And I see that. I mean, I see that every day where I work with business development now working on deals in search ads of news. And I see that oftentimes we won’t do a deal because it might hurt another company. Or we might say no to a deal because it’s not fair. It’s not a win win for everybody. And on the other hand, we’re really amplifying and supporting people with our products, our platforms too. So big tech has been really interesting because the most quote unquote corporate job I’ve had, but it also is really cool to be part of a company that is setting the stage in terms of innovation technology and frankly values and corporate responsibility.
Vincent Phamvan (30:06):
Tell me about what goes into your applications typically,
Devna Shukla (30:09):
You know, I’m someone who, I don’t even think I had that great even of a cover letter system. I have a lot of friends who work really hard in their cover letters. I think if anything, my resume has come to a point where it’s strong enough to tell the story about who I am, what I can do. And I think the law that is quantifying, what is your impact? Especially in journalism, I spent a lot of time working on my resume, especially when applying to business school, because a lot of people think that working at CNN is very cool and very flashy, but they don’t actually understand what you did and they don’t understand what sort of impact you had. And so you have to work really hard as a journalist to explain what are your relevant skills that can basically translate, you know, from job to job from organization to organization.
Devna Shukla (30:47):
So I think for me, at least my story was tight. I can tell you why I’ve sort of went to each center for job, even though they feel sort of different. I can tell you the thread that basically loops them all together. And I think that people see when they interviewed me is that I’m super passionate. Someone wants told me in a certain career office and every job you apply and interview for is someone else’s dream job. So they can tell if you’re basically going in there because it’s like your second or third option. And I’ve really tried to be mindful about that. But every opportunity you get, you have to obviously prepare and get your story ready and your company research, but your heart is not into it. Even though you need a job, you’re still not. You’re still probably won’t move to a different city or different country for the opportunity because you don’t actually really want it. You’re just doing it because you feel like you need that job. You need it on a timeline. You need it because both are tight. And so for me, it’s always come from a place of general, genuine enthusiasm, authentic connection with the companies, and also being able to articulate my story.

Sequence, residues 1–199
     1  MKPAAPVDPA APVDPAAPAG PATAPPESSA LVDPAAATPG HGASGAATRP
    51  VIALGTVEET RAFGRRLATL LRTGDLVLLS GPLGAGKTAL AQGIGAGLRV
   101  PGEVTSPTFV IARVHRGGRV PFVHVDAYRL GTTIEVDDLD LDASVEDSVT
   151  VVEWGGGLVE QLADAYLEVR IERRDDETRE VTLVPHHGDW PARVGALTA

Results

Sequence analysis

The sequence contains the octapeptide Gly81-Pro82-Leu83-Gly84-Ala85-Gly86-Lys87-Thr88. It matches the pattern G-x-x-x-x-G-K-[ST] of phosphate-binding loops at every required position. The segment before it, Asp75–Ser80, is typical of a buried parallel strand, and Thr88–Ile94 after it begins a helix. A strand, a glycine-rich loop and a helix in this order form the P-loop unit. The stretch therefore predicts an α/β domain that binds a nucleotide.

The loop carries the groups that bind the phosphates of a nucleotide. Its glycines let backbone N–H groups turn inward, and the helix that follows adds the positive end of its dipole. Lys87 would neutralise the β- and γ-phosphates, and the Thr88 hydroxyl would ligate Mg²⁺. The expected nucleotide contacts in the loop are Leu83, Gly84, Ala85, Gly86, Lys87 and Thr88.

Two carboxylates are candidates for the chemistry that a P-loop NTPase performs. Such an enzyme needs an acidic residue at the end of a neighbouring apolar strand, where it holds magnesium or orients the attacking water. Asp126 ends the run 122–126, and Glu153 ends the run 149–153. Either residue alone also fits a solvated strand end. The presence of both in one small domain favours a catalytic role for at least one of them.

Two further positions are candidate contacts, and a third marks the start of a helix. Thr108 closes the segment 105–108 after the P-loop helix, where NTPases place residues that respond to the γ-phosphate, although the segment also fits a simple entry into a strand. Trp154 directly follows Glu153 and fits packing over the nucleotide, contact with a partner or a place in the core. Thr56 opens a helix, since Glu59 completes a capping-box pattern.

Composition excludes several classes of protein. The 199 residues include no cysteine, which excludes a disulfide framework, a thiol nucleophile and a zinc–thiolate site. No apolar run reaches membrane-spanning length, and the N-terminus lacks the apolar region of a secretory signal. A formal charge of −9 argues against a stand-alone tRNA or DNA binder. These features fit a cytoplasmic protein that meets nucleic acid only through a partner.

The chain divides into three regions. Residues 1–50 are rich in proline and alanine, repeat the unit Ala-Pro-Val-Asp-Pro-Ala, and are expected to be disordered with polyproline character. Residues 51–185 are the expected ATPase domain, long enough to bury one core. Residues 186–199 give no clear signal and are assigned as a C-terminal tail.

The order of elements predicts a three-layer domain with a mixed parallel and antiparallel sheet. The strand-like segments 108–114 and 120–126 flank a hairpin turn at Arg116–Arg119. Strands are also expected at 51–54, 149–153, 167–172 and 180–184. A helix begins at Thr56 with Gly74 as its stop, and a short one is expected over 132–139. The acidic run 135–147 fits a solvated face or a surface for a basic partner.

Vincent Phamvan (31:39):
Tell me about some of the research that you’ve done to narrow down to the opportunities that you, that you’re really passionate about.
Devna Shukla (31:46):
I think on a company level, it’s I read the news, I read the news and I read to who are the big companies in every field who are the movers and shakers. Cause to me that’s super important, right? For a company who’s in the headlines, making moves in positive ways. That’s super important. I think you also have to realize what are the skills that you have that are like hard skills right now, and what are the skills you want to earn that are stretch skills? So for example, for me, I knew that anyone who looked at my resume would see, okay, she could basically talk to people and connect with them and close a deal and closing a deal at CNN meant getting through on our program at MSK, the cancer hospital. It meant having them sign on as a corporate sponsor. And so I looked for jobs that align with those core skillsets, but they have different titles.